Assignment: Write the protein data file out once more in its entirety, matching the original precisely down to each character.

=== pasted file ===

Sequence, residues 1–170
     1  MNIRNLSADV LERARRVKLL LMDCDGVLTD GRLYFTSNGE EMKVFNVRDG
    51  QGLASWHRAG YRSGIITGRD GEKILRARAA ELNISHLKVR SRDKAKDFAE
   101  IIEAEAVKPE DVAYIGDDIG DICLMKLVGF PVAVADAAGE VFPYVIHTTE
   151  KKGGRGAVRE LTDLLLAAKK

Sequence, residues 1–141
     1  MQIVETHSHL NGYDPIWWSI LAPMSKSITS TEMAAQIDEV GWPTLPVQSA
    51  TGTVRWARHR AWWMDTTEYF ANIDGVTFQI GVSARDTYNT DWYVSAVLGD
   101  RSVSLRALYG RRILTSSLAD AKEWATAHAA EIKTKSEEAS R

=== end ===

Sequence, residues 1–170
     1  MNIRNLSADV LERARRVKLL LMDCDGVLTD GRLYFTSNGE EMKVFNVRDG
    51  QGLASWHRAG YRSGIITGRD GEKILRARAA ELNISHLKVR SRDKAKDFAE
   101  IIEAEAVKPE DVAYIGDDIG DICLMKLVGF PVAVADAAGE VFPYVIHTTE
   151  KKGGRGAVRE LTDLLLAAKK

Sequence, residues 1–141
     1  MQIVETHSHL NGYDPIWWSI LAPMSKSITS TEMAAQIDEV GWPTLPVQSA
    51  TGTVRWARHR AWWMDTTEYF ANIDGVTFQI GVSARDTYNT DWYVSAVLGD
   101  RSVSLRALYG RRILTSSLAD AKEWATAHAA EIKTKSEEAS R